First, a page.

The Spanish settlers in the late 18th century didn't wait for evolution, but instead reinvented the land to accommodate their own desires. The introduction of agriculture and livestock necessitated a change in the terrain. In order to change the land, the Spaniards needed free labor. So they looked to the Tongva and other native peoples of the area. The missionaries were instrumental in gaining the cooperation of the people, who were already living self sufficiently off of the land and initially had little use for the Spaniards. Legend says that when the Tongva aimed to drive out the Spaniards, one of the padres placed a painting of "Our Lady of Sorrows" on the ground. The Tongva (renamed Gabrielinos), were moved and welcomed the strangers with open arms; the artwork had enchanted them.
The land continued to change as the desires of people in power transformed. In the 20th century, the flooding of homes adjacent to the river brought about a massive endeavor: the channelizing of miles and miles of river, to rein in its wondrous wild. It took quite a lot of imagination to envision this drastic alteration of an earthly paradise into something so very foreign to it. Once again, the dream of men became reality.
And the landscape is set to shift again as another dreaming takes hold.
According to the Discovery Center Authority, the planned San Gabriel River Discovery Center will provide a hands-on, indoor and outdoor learning experience for local students, families, and nature enthusiasts. The Center promises to fulfill its mission to "inspire environmental stewardship by providing accessible and engaging watershed and environmental education to the public," as well as its vision for a "healthy and vibrant natural area and center where people gain the knowledge and desire to improve the San Gabriel River region." The project has been in the works for decades.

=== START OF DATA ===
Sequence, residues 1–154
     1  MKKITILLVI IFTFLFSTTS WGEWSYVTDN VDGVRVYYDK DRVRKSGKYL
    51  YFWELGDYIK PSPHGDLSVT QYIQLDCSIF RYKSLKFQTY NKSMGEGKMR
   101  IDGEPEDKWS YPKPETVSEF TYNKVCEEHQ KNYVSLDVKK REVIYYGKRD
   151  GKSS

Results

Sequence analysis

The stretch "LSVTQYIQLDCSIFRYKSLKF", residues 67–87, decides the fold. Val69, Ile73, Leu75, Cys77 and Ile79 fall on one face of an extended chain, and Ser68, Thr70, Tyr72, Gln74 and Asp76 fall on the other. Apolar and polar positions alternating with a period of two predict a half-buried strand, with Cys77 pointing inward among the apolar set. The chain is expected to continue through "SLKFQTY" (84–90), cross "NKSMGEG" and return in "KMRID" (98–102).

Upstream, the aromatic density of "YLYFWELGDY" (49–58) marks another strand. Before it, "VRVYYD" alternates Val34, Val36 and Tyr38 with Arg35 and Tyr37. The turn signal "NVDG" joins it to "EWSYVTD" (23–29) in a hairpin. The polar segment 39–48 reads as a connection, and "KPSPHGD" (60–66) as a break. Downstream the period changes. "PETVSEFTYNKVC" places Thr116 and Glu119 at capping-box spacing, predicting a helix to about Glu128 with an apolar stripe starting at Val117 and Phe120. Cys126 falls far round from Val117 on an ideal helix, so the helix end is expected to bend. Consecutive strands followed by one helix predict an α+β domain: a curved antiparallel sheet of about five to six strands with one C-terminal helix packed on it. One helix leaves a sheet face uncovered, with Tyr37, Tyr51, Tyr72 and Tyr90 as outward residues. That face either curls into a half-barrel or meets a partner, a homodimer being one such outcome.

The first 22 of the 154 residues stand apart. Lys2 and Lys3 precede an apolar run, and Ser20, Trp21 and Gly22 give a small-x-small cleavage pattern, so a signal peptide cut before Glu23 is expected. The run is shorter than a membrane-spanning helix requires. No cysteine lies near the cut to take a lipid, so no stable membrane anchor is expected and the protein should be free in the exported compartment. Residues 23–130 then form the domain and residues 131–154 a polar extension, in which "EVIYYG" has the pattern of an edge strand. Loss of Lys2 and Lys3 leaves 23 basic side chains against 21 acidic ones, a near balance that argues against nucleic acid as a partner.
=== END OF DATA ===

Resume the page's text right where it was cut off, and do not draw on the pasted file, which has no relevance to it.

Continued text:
Belinda Valles Faustinos, the former Excecutive Officer of the Rivers and Mountains Conservancy, is a San Gabriel Valley resident and one of the principle visionaries for the Discovery Center. She spoke about the "a-ha" moment she had coming home from her work at the Santa Monica Mountain Conservancy and seeing a tremendous lack of open space in her own community. Since that time, she's made it her mission to bring attention to the need for more ecologically sound open spaces and to promote the concept that "open space, water conservation, and habitat restoration are intertwined."
But not everyone is pleased with the proposed center. The $30 million project, which includes the building of a 14,000 square foot building, a 116-car parking lot, and other structures, will demolish the existing Nature Center and its surrounding habitat, which has raised the ire of various community members and local organizations. Fueled by misgivings about big government agencies and a lack of open communication with community members on the part of the center bureaucracy, there is a deep-seated lack of trust by some and a profound concern for what will be lost.
Groups like the Friends of the Whittier Narrows Natural Area have a much different take on the proposed center. They argue that the development is unnecessarily "costly, unpopular, and environmentally destructive," and that the bird and animal species, some of them endangered, will be displaced or worse by the construction. They refer to the Audubon's designation of an IBA, or Important Birding Area, given to Whittier Narrows, to the destruction of the older, charming, community-focused Nature Center, and to a concern for possible new limits on public access.